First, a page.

Abstract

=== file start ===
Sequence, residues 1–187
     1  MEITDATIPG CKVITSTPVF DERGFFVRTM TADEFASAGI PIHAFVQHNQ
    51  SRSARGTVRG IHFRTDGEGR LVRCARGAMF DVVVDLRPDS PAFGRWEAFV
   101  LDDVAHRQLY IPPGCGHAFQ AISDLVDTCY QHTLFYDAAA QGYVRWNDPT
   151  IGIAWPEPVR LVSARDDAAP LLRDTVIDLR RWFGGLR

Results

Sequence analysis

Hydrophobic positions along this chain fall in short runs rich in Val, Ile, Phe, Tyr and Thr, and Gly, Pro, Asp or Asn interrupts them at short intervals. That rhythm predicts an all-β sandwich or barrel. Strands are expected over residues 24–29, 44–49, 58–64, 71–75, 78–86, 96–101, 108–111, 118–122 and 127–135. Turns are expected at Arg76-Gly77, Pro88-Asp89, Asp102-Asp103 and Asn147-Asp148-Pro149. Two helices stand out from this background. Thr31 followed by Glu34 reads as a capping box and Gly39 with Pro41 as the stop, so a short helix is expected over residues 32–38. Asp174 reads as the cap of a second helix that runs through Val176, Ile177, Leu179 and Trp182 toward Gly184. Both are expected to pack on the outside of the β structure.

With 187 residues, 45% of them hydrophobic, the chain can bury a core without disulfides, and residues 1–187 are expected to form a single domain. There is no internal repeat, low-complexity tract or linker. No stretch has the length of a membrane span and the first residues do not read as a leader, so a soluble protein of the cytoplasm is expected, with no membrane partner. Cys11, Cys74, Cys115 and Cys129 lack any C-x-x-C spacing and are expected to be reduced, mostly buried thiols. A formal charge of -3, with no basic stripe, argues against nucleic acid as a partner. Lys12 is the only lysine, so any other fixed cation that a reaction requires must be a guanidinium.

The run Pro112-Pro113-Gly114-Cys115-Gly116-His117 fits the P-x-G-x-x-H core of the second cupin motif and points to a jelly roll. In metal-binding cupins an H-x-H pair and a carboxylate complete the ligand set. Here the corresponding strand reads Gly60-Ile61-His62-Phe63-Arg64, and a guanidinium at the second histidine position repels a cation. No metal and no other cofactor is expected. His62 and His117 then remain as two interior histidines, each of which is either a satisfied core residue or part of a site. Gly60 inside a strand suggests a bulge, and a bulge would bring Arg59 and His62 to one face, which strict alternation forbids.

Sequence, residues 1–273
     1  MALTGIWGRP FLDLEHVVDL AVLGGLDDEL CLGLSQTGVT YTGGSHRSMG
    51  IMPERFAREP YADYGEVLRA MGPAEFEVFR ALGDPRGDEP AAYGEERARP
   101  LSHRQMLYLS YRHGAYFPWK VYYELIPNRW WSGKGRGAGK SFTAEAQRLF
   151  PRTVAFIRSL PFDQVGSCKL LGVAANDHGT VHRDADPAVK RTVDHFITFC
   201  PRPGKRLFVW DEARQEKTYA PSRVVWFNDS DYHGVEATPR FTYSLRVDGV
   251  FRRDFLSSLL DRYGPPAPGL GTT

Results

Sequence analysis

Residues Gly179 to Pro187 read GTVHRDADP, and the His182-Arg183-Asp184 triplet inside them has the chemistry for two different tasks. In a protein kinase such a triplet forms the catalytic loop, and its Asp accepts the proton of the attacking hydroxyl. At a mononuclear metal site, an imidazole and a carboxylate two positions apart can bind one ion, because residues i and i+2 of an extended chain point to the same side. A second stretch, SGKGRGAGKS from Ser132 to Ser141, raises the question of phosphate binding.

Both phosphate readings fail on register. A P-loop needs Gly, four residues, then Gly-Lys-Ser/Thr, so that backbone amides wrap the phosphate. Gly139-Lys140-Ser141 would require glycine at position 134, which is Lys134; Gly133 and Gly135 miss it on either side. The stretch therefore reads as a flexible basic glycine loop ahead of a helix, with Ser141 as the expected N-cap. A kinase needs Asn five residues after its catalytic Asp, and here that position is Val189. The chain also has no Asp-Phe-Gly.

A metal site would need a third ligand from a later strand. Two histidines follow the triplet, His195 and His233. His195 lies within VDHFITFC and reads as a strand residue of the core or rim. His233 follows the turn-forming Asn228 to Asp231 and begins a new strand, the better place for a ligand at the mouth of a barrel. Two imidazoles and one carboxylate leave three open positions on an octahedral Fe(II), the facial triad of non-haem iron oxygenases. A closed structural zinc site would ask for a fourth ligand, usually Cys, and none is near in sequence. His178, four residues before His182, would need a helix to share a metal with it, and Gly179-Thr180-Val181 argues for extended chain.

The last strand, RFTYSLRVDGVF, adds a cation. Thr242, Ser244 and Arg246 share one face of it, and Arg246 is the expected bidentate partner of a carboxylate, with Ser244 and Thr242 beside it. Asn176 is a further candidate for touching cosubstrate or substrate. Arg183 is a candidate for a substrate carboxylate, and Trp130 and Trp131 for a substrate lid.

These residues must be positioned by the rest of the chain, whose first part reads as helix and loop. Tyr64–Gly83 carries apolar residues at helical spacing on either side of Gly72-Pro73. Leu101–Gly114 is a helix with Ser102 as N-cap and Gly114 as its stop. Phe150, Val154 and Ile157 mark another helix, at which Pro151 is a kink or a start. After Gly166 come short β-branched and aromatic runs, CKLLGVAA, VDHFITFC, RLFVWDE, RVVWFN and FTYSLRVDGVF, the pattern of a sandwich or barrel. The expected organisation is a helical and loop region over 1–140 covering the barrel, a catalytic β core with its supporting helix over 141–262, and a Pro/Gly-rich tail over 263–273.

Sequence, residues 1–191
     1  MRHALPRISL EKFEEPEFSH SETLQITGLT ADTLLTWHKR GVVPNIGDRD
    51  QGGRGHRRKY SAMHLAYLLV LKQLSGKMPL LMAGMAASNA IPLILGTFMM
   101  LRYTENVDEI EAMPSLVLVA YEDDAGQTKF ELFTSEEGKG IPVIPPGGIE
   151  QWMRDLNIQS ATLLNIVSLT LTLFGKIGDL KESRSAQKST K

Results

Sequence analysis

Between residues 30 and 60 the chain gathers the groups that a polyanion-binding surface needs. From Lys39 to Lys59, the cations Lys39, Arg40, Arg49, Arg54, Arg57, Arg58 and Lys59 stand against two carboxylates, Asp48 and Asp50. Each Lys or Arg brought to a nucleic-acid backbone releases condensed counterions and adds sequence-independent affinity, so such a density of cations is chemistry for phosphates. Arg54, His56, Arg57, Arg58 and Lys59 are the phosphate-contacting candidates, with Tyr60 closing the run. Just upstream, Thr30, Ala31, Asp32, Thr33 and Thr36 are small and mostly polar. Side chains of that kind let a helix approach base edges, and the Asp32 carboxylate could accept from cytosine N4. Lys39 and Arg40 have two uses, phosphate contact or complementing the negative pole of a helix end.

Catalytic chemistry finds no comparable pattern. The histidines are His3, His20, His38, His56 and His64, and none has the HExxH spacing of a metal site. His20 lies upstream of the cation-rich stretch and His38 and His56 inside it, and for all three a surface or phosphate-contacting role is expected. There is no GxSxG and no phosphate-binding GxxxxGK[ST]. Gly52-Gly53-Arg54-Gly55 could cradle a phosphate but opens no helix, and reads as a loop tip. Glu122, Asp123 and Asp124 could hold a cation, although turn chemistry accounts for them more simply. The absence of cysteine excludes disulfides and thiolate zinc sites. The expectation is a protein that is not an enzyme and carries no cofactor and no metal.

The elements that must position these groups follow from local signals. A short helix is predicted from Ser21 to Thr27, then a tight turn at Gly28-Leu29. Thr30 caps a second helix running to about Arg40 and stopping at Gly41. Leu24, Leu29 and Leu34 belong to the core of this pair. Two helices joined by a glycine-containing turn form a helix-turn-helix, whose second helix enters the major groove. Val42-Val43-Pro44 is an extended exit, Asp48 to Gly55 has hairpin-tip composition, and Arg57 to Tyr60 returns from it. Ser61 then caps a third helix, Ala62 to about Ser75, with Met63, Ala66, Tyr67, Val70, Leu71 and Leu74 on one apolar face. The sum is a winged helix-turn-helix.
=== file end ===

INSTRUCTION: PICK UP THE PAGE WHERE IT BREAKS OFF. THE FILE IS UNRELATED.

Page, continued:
The contact between mantle peridotite and gabbro from the lower oceanic crust is usually underlined by a horizon of dunite. The origin of this dunitic transition zone (DTZ) is still debated. It is viewed either as a pile of cumulus olivine from high-MgO melts, or as former mantle peridotite pervasively percolated by melts undersaturated with pyroxene (e.g., as mid-oceanic ridge basalts [MORBs] at low pressure), and transformed into dunite. We show that the two hypotheses are not mutually exclusive, although they do not account for the same parts of the DTZ. We determined a petrological profile through a 330-m-thick DTZ that developed at the top of a mantle diapir in the Oman ophiolite. The lowermost 280 m have a reactional origin: olivine and Cr-spinel record the complex percolation and interaction history between mantle peridotite and MORB. In the uppermost 50 m, chemical trends become consistent with a cumulus origin of the dunite, olivine crystallization being a prelude to the crystallization of the overlying gabbros. The DTZ develops largely in response to melt-rock reaction, consistent with the “reactive filter” hypothesis, but the proportion of cumulate dunite is high enough to require parent melts with a significantly higher Mg content than the most primitive MORB erupted on the seafloor.

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